Posted in Big Thought, Pulpit by Harsha on November 29, 2007

An oft-repeated question is “When will India become a superpower like the US or now like China?”

There are visions abound in India that forecast it’s supremacy in the next decade. The dream is that India will finally harness it’s economic horsepower and acquire a commanding stature in the world. Since 2000/2001, the economic and cultural climate in India has changed tremendously. Goods that were once luxuries are now commodities. Foreign nationals now are common sight in the city streets. Foreign Direct Investment is at an all time high. India is the leading outsourcing destination since a large chunk of it’s populace speaks fluent English (it is one of the official languages in India and a uniting factor in a country where every state speaks its own unique language). Over 400,000 engineering and business graduates come out of educational institutions yearly and Indians are adaptable. The top 10 Forbes richest include multiple Indians. The largest steel company is Indian-owned. Hotmail was an Indian’s creation. Bentley sold more cars in 15 days than what it planned for 1.5 years. You have diamonds encrusted million dollar cell phones. The list is endless.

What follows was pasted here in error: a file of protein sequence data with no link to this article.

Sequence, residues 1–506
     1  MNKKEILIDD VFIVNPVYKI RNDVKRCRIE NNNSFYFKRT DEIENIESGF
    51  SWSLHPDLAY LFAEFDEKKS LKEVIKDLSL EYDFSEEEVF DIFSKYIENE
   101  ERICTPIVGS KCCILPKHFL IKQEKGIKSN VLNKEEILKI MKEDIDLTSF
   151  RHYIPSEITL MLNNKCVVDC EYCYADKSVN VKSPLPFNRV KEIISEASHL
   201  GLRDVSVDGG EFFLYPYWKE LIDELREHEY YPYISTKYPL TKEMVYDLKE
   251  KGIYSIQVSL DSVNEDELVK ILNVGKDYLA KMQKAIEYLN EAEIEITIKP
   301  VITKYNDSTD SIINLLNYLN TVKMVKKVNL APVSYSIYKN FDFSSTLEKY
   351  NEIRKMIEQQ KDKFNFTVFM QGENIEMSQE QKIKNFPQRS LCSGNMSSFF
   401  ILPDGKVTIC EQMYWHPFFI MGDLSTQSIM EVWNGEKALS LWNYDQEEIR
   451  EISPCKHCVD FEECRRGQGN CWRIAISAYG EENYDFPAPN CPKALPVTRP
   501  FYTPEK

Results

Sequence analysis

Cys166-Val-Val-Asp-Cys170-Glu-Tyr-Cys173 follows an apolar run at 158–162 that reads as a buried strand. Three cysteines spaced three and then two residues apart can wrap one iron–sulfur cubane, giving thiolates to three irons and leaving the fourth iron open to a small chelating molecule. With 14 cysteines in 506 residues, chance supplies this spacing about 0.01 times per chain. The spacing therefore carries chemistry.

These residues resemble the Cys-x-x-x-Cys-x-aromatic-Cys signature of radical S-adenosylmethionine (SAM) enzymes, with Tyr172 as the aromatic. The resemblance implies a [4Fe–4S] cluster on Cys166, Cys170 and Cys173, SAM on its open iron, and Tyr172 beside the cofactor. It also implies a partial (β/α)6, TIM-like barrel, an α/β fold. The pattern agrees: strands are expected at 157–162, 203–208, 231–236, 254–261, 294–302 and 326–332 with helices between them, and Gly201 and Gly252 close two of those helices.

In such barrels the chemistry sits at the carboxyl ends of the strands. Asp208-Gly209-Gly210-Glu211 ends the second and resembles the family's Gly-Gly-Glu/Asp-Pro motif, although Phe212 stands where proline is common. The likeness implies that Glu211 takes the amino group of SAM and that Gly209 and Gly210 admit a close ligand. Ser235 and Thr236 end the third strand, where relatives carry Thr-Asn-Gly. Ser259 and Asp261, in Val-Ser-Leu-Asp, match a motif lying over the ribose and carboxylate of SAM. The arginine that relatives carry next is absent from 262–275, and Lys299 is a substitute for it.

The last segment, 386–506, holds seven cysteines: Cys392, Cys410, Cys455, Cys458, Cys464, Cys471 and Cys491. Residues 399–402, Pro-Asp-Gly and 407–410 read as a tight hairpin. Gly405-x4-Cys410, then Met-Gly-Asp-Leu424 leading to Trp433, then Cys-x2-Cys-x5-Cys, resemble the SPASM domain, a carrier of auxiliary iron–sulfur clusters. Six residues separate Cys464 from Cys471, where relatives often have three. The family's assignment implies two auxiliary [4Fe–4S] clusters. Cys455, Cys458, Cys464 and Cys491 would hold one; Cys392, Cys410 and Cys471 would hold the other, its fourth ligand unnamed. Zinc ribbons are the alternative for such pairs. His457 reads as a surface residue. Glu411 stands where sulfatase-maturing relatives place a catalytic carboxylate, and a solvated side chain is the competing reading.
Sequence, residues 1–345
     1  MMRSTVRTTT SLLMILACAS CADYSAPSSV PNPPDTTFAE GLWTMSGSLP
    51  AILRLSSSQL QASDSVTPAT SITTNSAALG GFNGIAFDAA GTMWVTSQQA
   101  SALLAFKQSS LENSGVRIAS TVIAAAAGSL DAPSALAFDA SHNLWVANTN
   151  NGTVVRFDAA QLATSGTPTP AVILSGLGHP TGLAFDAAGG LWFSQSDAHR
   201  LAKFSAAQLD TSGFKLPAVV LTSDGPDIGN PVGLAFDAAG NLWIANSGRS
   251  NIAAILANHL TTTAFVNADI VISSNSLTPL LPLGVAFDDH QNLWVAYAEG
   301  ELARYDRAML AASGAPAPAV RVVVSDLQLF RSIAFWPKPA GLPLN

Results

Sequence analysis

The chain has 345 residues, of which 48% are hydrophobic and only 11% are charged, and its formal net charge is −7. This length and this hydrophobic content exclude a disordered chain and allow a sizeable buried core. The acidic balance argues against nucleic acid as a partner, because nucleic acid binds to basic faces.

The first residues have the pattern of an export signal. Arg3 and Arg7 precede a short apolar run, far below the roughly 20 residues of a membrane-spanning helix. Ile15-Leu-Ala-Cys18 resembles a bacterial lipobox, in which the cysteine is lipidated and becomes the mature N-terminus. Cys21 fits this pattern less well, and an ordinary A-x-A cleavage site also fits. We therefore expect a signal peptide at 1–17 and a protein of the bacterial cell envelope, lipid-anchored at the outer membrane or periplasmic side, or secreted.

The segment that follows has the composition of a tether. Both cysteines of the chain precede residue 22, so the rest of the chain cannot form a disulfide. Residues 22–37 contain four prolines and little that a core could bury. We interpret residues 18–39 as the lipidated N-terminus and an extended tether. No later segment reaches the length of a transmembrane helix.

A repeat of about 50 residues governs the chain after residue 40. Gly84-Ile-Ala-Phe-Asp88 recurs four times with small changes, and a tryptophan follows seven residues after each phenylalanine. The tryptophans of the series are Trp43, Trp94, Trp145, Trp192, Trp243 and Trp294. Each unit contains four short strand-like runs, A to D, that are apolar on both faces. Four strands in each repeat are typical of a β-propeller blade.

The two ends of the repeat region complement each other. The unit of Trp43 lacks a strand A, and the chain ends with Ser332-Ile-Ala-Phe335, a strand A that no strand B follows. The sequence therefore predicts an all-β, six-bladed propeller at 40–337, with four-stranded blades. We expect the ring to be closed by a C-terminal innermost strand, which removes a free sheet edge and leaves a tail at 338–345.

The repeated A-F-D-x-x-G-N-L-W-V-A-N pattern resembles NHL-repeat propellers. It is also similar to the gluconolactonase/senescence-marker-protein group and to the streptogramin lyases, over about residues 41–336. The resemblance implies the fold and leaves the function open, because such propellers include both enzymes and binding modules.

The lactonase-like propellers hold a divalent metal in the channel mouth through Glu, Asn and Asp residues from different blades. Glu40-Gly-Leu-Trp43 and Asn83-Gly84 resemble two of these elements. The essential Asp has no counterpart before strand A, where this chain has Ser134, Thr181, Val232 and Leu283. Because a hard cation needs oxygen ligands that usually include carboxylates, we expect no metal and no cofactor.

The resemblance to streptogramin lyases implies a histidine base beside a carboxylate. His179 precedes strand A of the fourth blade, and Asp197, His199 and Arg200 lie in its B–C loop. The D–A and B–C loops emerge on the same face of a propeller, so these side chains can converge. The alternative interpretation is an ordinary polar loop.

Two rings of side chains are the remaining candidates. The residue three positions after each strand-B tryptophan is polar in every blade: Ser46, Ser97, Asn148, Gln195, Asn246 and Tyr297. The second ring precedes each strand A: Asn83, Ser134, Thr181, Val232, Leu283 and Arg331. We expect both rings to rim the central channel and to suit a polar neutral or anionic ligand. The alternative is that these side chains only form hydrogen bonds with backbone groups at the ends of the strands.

All these are commonly known things in the world and often trumpeted by Indian politicians, bureaucrats and industrialists to show you that India is the next major force to contend with in the world. Next major force – that is an interesting phrase, kind of almost like setting up a constant expectant goal in the distance that is never reached. I am skeptical because I have suffered at the hands of Indian organizations that purport international awareness only to be backed up by ultra-poor Indian quality standards.